Frankly Speaking

Reduce Your Retirement Tax Bill: Part 1 - Income Splitting

Posted by Frank Wiginton on Tue, Nov 15, 2016

Many people pay too much tax in retirement. This is generally due to a variety of things but they all come down to not having prepared a proper comprehensive financial plan! The big question most people in retirement have is “Will I run out of money?”

There is a great calculator on the home page of my website at www.frankwiginton.ca that will tell you whether you will run out of money, and if not, how much you will still have left as an estate. It will also tell you approximately what your lifetime tax bill will be. You will likely be surprised by the numbers – many are!

This is a four part series that talks about various ways to reduce your taxes throughout retirement.

INCOME SPLITTING

Canada Revenue Agency allows you to split your income with a spouse or common law partner. You don't have to technically give them the money (which is probably a good thing in some cases), it is simply an election you make on one tax return and a declaration to accept the additional income on the others form.

Most tax software's like QuickTax and Ufile have tools that will automatically help you figure out the optimal amount of income to share and even fill out the proper forms for you.

Not all income can be split. This is where working with a financial planner to prepare comprehensive financial plan can help you understand what income can be split.

Pension income: if you receive income from a defined benefit pension plan at any time this income could be split with your spouse.

RRSP/RRIF income: any time you withdraw money from an RRSP. You cannot split it with your spouse. Only once you have converted your RRSP into an RRIF and you are 65 years of age or older can you then split the income with your spouse.

Investment income: in order to split investment income the account that you hold needs to be in joint ownership.

CPP: in technical terms, CPP cannot be split with a spouse. What you can do is apply to have your CPP credits assigned to each other. In order to do this you need to make an application to CPP and asked to have both yours and your spouses, CPP credits assigned. So simple example would be you would have 10 CPP credits and your spouse would have eight credits they would combine them into a total of 18 credits and then divide them by to giving each of you nine CPP credits.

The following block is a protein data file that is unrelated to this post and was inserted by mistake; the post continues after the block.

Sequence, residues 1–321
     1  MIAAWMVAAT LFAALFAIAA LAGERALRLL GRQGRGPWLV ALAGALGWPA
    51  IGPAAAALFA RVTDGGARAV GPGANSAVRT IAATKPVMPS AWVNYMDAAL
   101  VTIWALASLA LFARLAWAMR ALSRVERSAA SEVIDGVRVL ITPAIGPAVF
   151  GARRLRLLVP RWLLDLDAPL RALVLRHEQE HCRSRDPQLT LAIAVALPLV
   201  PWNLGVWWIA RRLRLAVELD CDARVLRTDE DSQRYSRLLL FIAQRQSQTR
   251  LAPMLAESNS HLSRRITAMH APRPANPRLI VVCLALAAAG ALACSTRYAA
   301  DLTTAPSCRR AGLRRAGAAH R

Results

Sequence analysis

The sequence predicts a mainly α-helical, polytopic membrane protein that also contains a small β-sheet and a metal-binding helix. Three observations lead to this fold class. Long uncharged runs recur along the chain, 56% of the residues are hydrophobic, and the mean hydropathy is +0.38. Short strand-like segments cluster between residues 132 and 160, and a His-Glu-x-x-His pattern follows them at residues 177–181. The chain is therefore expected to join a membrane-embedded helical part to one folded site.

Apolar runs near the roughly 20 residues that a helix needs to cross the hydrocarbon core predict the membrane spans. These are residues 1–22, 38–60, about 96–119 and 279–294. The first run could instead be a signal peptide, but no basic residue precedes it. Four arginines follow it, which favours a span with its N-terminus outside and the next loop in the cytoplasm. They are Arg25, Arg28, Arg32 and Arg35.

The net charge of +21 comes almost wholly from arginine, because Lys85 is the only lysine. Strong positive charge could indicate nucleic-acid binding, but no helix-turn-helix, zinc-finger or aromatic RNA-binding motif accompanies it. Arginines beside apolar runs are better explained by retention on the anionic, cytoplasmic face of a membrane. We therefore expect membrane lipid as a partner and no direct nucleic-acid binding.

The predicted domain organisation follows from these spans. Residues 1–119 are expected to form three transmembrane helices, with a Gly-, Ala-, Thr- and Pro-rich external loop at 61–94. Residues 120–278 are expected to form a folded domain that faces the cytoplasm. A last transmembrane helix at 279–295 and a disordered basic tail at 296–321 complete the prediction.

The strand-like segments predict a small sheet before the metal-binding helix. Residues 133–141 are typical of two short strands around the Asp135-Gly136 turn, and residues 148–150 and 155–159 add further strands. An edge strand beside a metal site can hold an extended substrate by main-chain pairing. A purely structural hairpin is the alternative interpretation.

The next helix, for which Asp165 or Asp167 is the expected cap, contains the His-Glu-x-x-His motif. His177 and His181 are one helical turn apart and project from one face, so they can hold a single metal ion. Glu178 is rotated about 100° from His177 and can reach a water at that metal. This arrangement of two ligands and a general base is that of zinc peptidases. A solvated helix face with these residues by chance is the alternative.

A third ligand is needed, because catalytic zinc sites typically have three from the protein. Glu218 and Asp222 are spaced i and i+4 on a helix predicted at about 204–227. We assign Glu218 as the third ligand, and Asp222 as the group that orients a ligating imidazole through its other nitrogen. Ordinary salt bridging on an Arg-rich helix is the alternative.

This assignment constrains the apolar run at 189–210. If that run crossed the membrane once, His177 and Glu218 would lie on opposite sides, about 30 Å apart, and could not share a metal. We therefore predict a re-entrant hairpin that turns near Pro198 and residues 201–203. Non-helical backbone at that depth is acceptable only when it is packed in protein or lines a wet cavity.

Old Age Security/Guaranteed Income Supplement (OAS, GIS): neither of these social assistance payments can be split, but through income splitting you can help to ensure you don't have these incomes clawed back.

As you can see most of the income you could expect to receive in retirement can be split or shared with a spouse. Some of the income that cannot be shared with the spouse may be employment, income some forms of business income, and of course income that is only directly related to you and your investments.

So to look at an example a couple may need to have $60,000 a year after-tax money in order to have the lifestyle and pay the bills and do the things that they want in retirement. In preparing a proper financial plan for them this would mean we would aim to give each of them $35,000 of gross income. their average tax rate would be about 14%, and this would leave them each $30,000 of net cash in their pocket income.  This assumes that all of the income they receive is fully taxable.  (this is the subject matter for another segment).

As you can see income splitting can be a very powerful tool in ensuring there is sufficient income in retirement and recognizing that you don't need large sums of money to achieve the financial goals that you're looking for.

In the example above we only needed to draw $70,000 of assets in order to generate $60,000 of net income.